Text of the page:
The Legend of the King of Mercia and the Daughters of William Albanac
- Place of origin:
18th century (made)
- Materials and Techniques:
- Credit Line:
- Museum number:
- Gallery location:
This plaquette depicts the legend of the King of Mercia and the daughters of William of Albanac.
Alfred III visited William and was struck by the beauty of his three daughters. The next day the father brought the three daughters naked before the King, and declared that if he wished to seduce one he would kill them all, but that if he wanted to marry one he might make his choice. The King married the second daughter. The composition recalls the Judgement of Paris, and is probably a historicising relief of the 18th century echoing the style of 16th centuty reliefs.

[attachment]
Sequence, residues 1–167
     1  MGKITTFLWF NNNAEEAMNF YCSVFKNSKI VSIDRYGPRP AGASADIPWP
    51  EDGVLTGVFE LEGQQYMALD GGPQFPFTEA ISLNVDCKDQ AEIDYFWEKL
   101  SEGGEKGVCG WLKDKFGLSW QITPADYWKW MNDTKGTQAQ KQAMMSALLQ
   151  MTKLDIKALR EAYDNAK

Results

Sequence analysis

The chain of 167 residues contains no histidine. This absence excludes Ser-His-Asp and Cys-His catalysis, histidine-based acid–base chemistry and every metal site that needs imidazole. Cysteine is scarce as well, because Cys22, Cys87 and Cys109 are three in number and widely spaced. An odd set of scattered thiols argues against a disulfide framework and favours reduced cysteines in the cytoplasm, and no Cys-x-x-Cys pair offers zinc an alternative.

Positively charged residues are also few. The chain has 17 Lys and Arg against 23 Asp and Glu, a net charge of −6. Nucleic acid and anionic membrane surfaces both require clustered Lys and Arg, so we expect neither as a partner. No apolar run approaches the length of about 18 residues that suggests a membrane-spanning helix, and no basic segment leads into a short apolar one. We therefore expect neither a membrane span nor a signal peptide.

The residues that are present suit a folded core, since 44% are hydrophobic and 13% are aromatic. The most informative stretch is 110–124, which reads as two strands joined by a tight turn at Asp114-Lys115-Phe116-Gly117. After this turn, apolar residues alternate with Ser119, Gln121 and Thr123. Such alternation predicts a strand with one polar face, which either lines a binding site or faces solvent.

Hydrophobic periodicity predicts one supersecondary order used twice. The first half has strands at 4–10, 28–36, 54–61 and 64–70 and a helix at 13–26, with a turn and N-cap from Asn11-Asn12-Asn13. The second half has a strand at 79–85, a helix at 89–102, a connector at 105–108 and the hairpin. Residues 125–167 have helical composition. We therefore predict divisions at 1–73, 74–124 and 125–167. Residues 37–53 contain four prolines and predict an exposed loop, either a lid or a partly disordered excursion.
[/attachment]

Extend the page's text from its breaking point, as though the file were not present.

In the foreground the King of Mercia lies asleep on the ground; behind him stand the three daughters in flowing robes, the furthest to the right wearing the gown open in front. To the left is a running fountain and above it the figure of William of Albanac appearing half-length in cloud, crowned and holding the orb and sceptre.
Place of Origin
18th century (made)
Materials and Techniques
Diameter: 5.3 cm
Object history note
From the Salting bequest.
Medallion, bronze, the Legend of the King of Mercia and the Daughters of Albanac, French, probably 18th century
Bibliographic References (Citation, Note/Abstract, NAL no)
'Salting Bequest (A. 70 to A. 1029-1910) / Murray Bequest (A. 1030 to A. 1096-1910)'. In: List of Works of Art Acquired by the Victoria and Albert Museum (Department of Architecture and Sculpture). London: Printed under the Authority of his Majesty's Stationery Office, by Eyre and Spottiswoode, Limited, East Harding Street, EC, p. 79
Weber, I. Deutsche, Niederländische und Französische Renaissance Plaketten. Munich, 1975, pp 415-416, no. 1054
Previously thought to be Netherlandish.
Alfred III of Mercia (King); Of Albanac, William
Sculpture; Myths & Legends; Coins & Medals; Plaques & Plaquettes